If you know a bit about design, you’ve probably heard the name Eileen Gray or at least seen the pieces she has created. She was a badass designer in a time when it wasn’t okay to be one and carved her own path in a male-dominated industry on grit, determination and vision.
To celebrate Women History Month (which should really be every month), I’ve compiled a list of 15 fascinating facts about Eileen Gray, a woman who was an icon even before her last name became a color phenomenon.
To this day she remains one of the most influential female designers ever with her own life acting as a lesson for us all to follow our dreams and tell impostor syndrome to f*ck off.
1. The DNA of Eileen Gray
Born Kathleen Eileen Moray Smith on August 9, 1878, and died on October 31, 1976. Her father was a Scottish landscape painter and her mother was the granddaughter of royalty. Creative combo for sure. Her parents divorced when she was 11 and her father changed his name to Smith-Gray by royal license, thus deeming her known as Eileen Gray from that point on.
2. Not Like The Rest
She came from an affluent background and identified with many socialites at the time, donning typical flamboyant attire. However, her personal style evolved as she became immersed in the artistic culture and she adopted a more male-influenced aesthetic, even wearing men’s clothing and keeping her hair very short. During World War 1 she was an ambulance driver in Paris along with other progressive women.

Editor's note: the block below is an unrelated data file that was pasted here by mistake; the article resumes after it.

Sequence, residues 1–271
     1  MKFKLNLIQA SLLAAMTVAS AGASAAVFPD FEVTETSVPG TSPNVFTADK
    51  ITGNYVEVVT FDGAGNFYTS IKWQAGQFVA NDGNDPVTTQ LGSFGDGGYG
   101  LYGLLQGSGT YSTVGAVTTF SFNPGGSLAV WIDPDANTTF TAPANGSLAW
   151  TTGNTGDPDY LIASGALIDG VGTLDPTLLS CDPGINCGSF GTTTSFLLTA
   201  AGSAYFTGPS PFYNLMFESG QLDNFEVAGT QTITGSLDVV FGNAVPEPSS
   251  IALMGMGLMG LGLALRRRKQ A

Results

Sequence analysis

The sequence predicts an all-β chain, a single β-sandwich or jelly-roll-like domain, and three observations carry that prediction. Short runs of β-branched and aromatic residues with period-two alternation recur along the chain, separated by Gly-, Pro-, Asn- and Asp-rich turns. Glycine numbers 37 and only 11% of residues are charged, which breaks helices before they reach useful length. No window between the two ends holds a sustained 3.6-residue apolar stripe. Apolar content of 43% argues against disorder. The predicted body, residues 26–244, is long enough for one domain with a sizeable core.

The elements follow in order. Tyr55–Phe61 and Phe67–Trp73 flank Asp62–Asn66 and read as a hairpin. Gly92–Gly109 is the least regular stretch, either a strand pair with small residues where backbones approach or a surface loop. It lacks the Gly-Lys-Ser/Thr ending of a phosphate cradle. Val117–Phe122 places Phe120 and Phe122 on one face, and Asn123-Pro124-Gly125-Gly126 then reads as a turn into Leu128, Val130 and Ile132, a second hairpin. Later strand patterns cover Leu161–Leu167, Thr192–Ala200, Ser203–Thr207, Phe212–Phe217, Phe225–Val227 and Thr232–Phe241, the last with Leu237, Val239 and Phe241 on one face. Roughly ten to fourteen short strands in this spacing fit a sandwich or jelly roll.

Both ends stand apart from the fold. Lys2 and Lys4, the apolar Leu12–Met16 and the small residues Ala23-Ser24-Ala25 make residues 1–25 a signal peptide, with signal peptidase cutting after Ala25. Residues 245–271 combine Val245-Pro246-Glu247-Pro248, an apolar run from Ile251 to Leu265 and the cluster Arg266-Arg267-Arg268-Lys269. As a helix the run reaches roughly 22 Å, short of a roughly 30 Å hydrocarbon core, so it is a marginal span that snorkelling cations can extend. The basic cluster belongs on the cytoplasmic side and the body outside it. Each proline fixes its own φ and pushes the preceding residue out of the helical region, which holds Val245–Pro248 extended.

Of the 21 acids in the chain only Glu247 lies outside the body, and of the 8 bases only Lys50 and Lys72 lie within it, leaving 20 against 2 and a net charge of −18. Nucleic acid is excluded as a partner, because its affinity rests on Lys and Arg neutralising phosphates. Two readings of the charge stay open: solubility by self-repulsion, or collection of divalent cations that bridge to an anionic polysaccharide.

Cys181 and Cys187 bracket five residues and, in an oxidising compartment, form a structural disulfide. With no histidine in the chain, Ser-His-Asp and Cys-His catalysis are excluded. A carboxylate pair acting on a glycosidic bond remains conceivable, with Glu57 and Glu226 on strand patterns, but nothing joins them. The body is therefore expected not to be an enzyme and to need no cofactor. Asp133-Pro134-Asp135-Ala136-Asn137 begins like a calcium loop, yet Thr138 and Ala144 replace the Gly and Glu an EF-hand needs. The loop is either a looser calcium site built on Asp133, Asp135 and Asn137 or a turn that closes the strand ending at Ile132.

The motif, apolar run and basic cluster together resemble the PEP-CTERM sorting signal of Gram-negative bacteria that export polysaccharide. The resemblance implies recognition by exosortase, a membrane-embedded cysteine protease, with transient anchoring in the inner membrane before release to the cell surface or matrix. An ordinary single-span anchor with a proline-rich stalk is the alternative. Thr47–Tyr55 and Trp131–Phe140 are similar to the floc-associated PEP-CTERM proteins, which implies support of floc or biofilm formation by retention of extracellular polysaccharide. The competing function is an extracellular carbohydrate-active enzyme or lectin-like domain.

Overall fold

3. You’re Never Too Old
She found acclaim at the age of 94 and passed away four short years later at the age of 98. A reminder that you’re never too old to live your dreams and also that it’s never to soon to start chasing them.
Despite her fame, however, only 3 people attended her funeral. Which just goes to show you it isn’t the quantity of people who surround you that matter, it is the quality.